Why Facelets is preferred over JSP as the view definition language from JSF 2.0 onwards?

True, JSP has some templating capabilities, but the biggest disadvantage of using JSP in JSF is that JSP writes to the response as soon as it encounters template text content, while JSF would like to do some pre/post processing with it. In JSF 1.0/1.1 the following JSF code

<h:outputText value="first"/> second <h:outputText value="third"/> fourth

would produce

second fourth first third

This was during the JSF 1.0/1.1 ages a headache. Developers would need to wrap template text like second and fourth in the above example in <f:verbatim> tags over all place. JSF 1.2 has solved it with an improved view handler which parses the JSP instead of executing it, but it was under the hoods still very clumsy as JSP syntax isn’t “well-formed” like XML. A XML based view technology was strongly desired, so that an efficient SAX based parser could be used. And Facelets was born (as well as Ken Paulsen’s “JSFTemplating” but ultimately Facelets was chosen as the new standard view technology for JSF 2.0).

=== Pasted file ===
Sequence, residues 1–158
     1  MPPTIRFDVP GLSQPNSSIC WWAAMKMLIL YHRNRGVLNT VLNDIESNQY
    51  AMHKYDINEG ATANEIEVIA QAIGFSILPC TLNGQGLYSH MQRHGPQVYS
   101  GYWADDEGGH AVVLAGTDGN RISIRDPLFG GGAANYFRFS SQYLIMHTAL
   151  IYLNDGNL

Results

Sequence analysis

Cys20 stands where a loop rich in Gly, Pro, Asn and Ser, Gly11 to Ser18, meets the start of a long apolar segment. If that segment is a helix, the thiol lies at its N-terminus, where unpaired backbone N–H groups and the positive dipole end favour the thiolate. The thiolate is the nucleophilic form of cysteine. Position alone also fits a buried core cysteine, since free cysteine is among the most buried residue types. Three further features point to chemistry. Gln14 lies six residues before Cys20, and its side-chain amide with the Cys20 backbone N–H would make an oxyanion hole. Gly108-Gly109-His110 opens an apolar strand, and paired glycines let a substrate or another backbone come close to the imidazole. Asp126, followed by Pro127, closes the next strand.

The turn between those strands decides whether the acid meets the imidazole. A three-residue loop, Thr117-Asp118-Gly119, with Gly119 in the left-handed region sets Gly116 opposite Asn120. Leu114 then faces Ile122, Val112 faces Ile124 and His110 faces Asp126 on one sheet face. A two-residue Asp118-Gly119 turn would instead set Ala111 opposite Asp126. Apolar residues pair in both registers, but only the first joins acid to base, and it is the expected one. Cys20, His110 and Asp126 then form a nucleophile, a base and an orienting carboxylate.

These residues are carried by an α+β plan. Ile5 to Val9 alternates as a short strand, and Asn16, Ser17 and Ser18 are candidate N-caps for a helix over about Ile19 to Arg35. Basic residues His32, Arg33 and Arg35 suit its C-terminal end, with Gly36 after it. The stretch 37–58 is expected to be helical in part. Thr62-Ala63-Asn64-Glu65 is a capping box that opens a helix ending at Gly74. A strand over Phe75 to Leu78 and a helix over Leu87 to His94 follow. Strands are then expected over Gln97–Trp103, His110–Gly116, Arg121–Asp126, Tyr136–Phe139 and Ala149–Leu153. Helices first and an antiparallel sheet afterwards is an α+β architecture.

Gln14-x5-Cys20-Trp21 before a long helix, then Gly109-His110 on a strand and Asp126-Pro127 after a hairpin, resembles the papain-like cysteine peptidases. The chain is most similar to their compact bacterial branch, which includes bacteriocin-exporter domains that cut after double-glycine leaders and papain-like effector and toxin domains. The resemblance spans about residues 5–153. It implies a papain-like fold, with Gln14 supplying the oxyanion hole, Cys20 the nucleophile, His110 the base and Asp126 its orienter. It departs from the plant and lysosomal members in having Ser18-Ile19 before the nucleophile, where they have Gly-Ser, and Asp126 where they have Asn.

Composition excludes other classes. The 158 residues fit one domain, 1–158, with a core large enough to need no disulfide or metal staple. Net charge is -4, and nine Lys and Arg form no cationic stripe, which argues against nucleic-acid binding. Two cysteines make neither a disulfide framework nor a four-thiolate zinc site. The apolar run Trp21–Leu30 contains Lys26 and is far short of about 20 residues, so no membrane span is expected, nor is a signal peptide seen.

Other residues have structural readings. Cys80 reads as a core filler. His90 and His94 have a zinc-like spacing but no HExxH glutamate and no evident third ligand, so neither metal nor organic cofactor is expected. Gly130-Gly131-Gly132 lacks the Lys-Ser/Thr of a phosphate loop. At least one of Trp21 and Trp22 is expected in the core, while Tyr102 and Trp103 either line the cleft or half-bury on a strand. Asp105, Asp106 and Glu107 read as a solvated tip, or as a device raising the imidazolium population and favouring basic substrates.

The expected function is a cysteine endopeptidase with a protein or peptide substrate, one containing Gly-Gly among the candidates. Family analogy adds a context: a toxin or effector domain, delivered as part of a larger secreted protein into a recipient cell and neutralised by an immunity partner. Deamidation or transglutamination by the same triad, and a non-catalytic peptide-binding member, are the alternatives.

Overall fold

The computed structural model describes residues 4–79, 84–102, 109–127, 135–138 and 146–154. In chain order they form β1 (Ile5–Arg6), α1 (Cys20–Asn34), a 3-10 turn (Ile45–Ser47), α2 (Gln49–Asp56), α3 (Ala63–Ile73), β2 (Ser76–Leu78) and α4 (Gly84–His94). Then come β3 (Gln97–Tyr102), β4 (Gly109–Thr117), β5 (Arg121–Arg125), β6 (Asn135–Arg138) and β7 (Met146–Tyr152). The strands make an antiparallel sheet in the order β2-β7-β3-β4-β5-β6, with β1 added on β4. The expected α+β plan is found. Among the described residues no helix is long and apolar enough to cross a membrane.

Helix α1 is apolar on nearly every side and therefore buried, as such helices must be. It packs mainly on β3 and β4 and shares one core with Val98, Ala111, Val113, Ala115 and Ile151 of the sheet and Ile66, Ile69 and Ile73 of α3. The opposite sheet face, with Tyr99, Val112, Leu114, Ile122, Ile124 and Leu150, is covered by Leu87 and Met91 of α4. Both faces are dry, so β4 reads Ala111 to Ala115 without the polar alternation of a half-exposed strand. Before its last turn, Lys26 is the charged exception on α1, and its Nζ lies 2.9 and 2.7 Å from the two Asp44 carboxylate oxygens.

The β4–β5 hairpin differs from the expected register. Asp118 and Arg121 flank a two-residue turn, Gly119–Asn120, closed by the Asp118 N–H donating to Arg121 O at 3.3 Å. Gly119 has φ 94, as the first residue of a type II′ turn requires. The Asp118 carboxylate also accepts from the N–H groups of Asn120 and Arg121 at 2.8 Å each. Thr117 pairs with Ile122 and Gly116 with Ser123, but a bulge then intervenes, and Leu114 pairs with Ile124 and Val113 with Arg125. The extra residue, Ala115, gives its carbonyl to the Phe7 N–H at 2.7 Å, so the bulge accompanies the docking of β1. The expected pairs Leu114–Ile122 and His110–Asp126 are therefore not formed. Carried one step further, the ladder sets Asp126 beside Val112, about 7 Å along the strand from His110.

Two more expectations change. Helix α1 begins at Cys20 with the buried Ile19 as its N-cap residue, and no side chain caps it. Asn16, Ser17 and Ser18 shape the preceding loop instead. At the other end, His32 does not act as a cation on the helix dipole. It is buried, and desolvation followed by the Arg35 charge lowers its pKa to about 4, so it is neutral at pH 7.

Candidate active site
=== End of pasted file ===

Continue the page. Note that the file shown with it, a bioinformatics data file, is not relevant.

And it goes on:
Also, unified EL #{} couldn’t be used in JSP template text, resulting in ugly —and for starters unintuitive— mixing of ${} and #{}. Also, JSTL could in JSF 1.x on JSP not be used as view build time tags. Also, JSP syntax with <% %> things is old school and the possibility of embedding raw Java code in JSP is considered a very poor practice which breaks MVC ideology.

All with all, in JSF/MVC perspective, JSP is simply ugly and terrible and Facelets is simply clean and awesome.

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